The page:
It goes without saying that you should be measuring your campaigns to know if your marketing goals and ROI targets have been met. But there are other less obvious reasons to spend the extra time measuring your efforts.

Team Alignment

Before planning your marketing campaigns, you and your team need to agree on what to measure and what success looks like. There are many times when companies get to the end of the campaign, reviews the results and no one agrees on which metrics demonstrate success and which ones don’t. To avoid this problem the team has to agree at the beginning on the one absolute success metric.

For example, I was in a situation where the person responsible for the pay-per-click (PPC) portion of a campaign was very excited because the cost-per-acquisition was much lower than expected. Unfortunately, this was not the metric the owner of the business was focused on. He was focused on sales, which were 20% lower than expected. It should be no surprise that he had trouble depositing his cost-per-acquisition in the bank.

The team would have been much better off with a laser focus on sales. Then they could have provided a secondary guiding metric to the PPC person for the acceptable cost-per-acquisition targets providing sales goals were met.

Focus on the Critical to Achieve Marketing Goals

How many times have you been involved in a marketing campaign where everything went worked perfectly – except the goal wasn’t achieved? It starts by not having the team aligned on the goal as mentioned above. But it gets worse when the wrong goal is chosen or the goal is not used as a guide during campaign development and execution. Many times this allows for campaign scope creep and a loss of focus.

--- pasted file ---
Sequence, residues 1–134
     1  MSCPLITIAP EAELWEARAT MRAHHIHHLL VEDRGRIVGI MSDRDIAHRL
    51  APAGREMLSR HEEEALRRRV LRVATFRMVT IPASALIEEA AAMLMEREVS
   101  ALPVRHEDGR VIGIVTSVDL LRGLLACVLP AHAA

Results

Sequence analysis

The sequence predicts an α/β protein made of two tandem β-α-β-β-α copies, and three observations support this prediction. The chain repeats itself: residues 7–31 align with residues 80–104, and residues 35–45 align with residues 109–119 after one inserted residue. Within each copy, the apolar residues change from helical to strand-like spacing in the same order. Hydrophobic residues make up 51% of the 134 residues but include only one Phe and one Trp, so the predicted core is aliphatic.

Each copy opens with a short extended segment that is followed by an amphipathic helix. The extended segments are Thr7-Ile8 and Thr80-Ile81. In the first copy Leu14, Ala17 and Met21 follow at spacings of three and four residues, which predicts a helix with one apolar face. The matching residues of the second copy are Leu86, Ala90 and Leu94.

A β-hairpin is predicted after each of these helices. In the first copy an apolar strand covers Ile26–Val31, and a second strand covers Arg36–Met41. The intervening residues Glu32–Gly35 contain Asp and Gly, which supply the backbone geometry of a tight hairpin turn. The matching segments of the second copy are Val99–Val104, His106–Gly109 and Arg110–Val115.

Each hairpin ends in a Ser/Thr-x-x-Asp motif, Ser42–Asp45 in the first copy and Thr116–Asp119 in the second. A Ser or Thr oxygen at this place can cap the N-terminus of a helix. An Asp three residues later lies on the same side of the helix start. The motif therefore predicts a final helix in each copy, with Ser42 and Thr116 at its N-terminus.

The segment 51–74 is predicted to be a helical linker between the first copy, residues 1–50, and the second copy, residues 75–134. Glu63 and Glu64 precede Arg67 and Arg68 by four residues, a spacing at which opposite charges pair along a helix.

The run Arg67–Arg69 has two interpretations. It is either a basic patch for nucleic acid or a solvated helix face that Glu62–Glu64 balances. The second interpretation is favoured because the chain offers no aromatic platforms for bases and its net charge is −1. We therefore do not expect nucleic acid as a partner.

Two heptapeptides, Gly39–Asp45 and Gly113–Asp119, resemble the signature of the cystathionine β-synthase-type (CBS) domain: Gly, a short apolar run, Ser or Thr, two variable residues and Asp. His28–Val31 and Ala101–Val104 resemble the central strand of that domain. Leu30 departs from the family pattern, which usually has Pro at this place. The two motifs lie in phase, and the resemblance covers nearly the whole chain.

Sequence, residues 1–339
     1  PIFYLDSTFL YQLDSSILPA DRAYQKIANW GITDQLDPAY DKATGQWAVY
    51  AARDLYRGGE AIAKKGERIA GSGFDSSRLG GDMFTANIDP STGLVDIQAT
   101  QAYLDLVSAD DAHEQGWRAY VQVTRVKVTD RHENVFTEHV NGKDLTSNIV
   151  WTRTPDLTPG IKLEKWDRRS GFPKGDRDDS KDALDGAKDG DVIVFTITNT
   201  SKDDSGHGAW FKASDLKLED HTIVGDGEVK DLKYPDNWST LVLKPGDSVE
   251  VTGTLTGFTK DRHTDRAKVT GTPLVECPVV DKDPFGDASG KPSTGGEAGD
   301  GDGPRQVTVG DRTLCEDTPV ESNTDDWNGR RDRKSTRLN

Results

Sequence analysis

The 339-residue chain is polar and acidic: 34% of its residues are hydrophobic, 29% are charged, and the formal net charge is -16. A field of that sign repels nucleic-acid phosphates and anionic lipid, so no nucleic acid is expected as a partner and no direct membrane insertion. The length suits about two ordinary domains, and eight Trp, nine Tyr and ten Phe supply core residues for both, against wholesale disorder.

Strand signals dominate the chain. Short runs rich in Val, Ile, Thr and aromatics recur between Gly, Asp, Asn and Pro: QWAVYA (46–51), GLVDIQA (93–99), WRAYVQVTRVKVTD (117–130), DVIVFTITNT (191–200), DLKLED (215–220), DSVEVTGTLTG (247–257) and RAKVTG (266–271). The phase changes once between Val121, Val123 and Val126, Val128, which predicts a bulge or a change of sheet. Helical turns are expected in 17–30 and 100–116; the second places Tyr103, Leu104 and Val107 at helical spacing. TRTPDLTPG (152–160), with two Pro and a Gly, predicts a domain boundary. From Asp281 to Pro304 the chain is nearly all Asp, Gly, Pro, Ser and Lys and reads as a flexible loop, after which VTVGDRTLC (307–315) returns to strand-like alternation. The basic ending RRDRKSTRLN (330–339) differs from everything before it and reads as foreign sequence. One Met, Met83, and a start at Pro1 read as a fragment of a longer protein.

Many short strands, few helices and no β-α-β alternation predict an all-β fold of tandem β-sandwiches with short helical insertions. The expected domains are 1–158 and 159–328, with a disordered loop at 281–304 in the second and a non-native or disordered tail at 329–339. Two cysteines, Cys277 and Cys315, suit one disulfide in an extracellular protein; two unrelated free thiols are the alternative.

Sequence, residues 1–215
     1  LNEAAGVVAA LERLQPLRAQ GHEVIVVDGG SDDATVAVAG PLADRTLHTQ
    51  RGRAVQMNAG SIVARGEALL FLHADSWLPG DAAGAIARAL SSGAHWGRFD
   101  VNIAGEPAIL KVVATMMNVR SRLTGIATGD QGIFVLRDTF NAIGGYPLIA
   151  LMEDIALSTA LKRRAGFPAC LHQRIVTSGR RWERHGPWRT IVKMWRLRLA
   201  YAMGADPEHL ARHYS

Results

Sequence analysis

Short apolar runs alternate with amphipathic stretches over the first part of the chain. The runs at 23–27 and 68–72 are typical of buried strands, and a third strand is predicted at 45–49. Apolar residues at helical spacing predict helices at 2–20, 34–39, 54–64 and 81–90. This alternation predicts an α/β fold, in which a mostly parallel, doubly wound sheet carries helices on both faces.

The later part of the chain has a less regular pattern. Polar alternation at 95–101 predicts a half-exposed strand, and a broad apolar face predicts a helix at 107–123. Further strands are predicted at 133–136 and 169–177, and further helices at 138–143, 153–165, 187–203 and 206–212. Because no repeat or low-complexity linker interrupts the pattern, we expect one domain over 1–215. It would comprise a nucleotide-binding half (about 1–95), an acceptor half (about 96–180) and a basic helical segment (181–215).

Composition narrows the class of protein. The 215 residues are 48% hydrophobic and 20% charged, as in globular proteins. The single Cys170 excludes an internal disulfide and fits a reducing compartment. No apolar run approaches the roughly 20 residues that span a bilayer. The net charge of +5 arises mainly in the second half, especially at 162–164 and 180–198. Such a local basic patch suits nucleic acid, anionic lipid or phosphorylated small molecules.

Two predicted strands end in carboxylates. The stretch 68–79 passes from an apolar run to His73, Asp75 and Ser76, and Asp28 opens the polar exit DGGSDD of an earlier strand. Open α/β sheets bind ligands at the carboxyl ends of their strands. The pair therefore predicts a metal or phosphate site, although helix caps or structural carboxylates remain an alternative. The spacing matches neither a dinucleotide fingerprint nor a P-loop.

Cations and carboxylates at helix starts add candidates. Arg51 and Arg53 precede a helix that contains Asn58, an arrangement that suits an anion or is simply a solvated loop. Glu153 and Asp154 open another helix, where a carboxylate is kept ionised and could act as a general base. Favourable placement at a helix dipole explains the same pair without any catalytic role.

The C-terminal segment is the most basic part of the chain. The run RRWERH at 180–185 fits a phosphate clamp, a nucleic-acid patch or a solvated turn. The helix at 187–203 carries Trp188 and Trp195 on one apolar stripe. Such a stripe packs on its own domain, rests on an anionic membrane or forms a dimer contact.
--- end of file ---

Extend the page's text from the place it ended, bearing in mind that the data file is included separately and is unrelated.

I worked with a company that developed a big annual campaign to get customers to enter a contest. The goal of the campaign was focused on how many creative ideas people could come up with using the company’s products. An expert panel chose the winner. The contest was a great way to get customers and prospects engaged with the brand and show people how to use the products creatively.

One year, the goal was changed to focus on how many people logged into the contest software. Remember, the original goal was to generate ideas to show the value of the products. Because of the revised goal, the contest was split between soliciting new, creative ways to use the products and trying to get people to vote for a winner. In previous years, voting was not part of the campaign because it didn’t add to the original goal. The team spent hours and hours on tactics to get people to vote rather than just focus on getting fresh ideas. Not only did the goal of logging people into the software miss the target, the number of new ideas submitted was way down from previous years. If the company had stayed focused on the critical objective of exciting the customers with new ideas they would have been more successful.

There are endless examples where measurement goes way beyond just counting the numbers. Measuring marketing goals the right way can bring focus, alignment and ultimate success to your team and your business. Staying focused on what truly will move the business forward is a sure bet to increase sales and profitability.